the femoral and sciatic nerves are encased in muscle throughout the
length of the thigh. Most injuries occur as a result of traction or
compression during surgery.
Vascular injury: This may result from tethering of the femoral artery at the adductor hiatus.
Compartment syndrome: This occurs only
with significant bleeding. It presents as pain out of proportion, tense
thigh swelling, numbness or paresthesias to medial thigh (saphenous
nerve distribution), or painful passive quadriceps stretch.
Infection (<1% incidence in closed
fractures): The risk is greater with open versus closed IM nailing.
Grades I, II, and IIIA open fractures carry a low risk of infection
with IM nailing, whereas fractures with gross contamination, exposed
bone, and extensive soft tissue injury (grades IIIB, IIIC) have a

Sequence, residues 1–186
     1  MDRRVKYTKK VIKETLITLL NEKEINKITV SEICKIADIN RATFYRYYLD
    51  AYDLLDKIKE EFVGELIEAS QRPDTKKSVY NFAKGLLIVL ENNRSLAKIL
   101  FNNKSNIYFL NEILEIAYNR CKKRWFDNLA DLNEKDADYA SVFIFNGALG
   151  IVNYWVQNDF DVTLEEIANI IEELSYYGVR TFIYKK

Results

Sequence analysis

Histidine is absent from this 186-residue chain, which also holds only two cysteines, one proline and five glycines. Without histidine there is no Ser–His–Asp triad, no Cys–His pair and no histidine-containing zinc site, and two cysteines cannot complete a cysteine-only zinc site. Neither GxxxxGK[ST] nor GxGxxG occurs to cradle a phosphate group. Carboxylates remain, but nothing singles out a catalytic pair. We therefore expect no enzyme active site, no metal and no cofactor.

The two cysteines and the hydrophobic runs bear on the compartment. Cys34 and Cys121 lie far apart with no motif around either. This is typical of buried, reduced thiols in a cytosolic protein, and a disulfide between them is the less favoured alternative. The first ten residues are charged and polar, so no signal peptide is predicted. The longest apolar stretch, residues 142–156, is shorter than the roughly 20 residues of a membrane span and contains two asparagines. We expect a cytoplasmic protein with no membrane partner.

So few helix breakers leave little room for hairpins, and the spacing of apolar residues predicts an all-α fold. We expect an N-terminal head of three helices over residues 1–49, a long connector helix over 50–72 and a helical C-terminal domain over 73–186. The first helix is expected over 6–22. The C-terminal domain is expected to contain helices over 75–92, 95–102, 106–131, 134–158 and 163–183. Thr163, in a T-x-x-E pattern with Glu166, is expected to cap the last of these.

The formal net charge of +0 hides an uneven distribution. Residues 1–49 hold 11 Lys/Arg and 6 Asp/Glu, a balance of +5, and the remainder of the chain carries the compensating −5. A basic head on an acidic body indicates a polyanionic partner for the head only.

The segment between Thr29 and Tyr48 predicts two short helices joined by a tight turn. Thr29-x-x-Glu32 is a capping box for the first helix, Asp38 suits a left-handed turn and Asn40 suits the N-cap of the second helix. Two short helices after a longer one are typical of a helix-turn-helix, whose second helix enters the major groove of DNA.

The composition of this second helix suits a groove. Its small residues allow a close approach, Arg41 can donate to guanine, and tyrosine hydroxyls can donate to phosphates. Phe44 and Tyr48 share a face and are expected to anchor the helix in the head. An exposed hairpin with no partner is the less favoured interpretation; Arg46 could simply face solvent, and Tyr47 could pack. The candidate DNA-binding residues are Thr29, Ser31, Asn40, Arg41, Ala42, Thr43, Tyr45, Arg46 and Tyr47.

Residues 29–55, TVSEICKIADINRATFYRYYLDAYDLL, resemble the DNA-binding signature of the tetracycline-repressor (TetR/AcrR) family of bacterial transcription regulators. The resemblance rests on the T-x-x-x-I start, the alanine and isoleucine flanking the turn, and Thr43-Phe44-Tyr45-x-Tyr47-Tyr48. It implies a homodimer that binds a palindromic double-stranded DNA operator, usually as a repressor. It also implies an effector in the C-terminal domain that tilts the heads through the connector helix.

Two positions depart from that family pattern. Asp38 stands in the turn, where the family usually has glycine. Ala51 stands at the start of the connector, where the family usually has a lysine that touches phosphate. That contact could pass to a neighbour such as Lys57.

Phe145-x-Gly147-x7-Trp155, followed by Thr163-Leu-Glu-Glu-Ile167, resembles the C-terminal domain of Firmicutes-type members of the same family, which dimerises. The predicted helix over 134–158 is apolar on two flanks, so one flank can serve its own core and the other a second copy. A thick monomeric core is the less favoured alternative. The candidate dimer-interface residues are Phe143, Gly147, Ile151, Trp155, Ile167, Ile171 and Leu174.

higher risk of infection regardless of treatment method.
Refracture: Patients are vulnerable
during early callus formation and after hardware removal. It is usually
associated with plate or external fixation.
Nonunion and delayed union: This is
unusual. Delayed union is defined as healing taking longer than 6
months, usually related to insufficient blood supply (i.e., excessive
periosteal stripping), uncontrolled repetitive stresses, infection, and
heavy smoking. Nonunion is diagnosed once the fracture has no further
potential to unite.
Malunion: This is usually varus, internal rotation, and/or shortening owing to muscular deforming forces or surgical technique.
Fixation device failure: This results from nonunion or “cycling” of device, especially with plate fixation.
Heterotopic ossification may occur.